Chemokines are chemotactic cytokines that belongs to a large family of chemoattractant molecules involved in the directed migration of immune cells (Schall, T. The Chemokines. In The Chemokine Handbook; Thompson, A., Ed., Academic Press: San Diego, Calif., 1994; pp419-460). The physiological role generally assigned to chemokines in the immune process is to elicit mobilization of immune cells against pathogenic organisms by direct recruitment and activation. Based on their structural similarity, chemokines may be subdivided into four subfamilies, CXC, CC, C and CX3C, depending on the position of their first two cysteine residues.
In addition to IL-8, GRO-α, GRO-β, GRO-γ and NAP-2 also belongs to the chemokine α-family. Like IL-8, these chemokines have also been referred to by different names. For instance, GRO-α, -β, -γ have been referred to as MGSA-α, -β, and -γ, respectively (Melanoma Growth Stimulating Activity) (Richmond et. al., (1986) J. Cell Physiology 129, 375; and Chang et. al., (1992) J. Immunol. 148, 451). Current understanding is that all of the chemokines of the α-family which possess the ELR motif directly preceding the CXC motif bind to the IL-8 B receptor.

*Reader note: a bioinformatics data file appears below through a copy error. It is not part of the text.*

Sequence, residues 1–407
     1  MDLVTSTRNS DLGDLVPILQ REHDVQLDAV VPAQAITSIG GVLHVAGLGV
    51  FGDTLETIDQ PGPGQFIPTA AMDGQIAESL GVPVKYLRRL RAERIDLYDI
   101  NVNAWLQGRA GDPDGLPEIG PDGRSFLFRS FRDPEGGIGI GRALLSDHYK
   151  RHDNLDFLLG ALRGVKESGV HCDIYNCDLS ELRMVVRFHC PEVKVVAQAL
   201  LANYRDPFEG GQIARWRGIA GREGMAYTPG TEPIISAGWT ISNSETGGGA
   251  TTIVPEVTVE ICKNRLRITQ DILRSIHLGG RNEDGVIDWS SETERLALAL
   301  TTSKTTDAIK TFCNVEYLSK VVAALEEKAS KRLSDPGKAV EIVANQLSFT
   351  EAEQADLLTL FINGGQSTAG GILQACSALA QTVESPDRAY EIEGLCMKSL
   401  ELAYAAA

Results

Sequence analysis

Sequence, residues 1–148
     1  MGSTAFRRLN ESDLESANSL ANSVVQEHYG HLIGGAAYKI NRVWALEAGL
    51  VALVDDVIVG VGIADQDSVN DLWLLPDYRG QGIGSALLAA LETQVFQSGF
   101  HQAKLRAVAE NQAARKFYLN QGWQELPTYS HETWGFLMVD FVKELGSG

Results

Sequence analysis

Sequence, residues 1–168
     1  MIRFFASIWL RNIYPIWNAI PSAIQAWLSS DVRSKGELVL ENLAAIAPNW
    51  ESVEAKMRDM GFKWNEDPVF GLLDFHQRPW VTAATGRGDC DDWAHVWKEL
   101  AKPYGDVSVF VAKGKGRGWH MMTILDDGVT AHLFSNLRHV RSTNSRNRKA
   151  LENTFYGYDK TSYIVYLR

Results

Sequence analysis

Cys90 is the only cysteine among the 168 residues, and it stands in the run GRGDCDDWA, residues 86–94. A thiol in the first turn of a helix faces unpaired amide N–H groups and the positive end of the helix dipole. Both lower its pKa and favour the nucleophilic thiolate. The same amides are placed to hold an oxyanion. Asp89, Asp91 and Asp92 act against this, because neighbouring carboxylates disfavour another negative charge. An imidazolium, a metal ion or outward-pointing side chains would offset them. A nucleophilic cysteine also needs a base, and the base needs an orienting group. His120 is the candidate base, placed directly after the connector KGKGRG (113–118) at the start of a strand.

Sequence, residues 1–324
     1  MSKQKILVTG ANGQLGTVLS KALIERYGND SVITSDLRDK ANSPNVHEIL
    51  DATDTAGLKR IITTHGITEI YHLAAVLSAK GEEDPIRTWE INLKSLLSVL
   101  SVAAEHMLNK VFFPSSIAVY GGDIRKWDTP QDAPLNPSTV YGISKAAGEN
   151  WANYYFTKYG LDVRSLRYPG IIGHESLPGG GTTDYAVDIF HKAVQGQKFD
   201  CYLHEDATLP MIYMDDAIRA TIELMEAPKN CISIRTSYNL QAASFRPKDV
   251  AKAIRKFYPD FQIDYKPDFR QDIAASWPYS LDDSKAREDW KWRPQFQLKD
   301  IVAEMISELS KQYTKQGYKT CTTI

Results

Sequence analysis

IL-8, GRO-α, GRO-β, GRO-γ and NAP-2 have been reported to promote the accumulation and activation of neutrophils, and these chemokines have accordingly been implicated in a wide range of acute and chronic inflammatory disorders, including psoriasis and rheumatoid arthritis (Baggiolinni et. al (1992) FEBS Lett. 307, 97; Miller et. al., (1992) Crit. Rev. Immunol. 12, 17; Oppenheim et. al., (1991) Annu. Rev. Immunol. 9, 617; Seitz et. al., (1991) J. Clin. Invest. 87, 463; Miller et. al., (1992) Am. Rev. Respir. Dis. 146, 427; Donnely et. al., (1993) Lancet 341, 6430).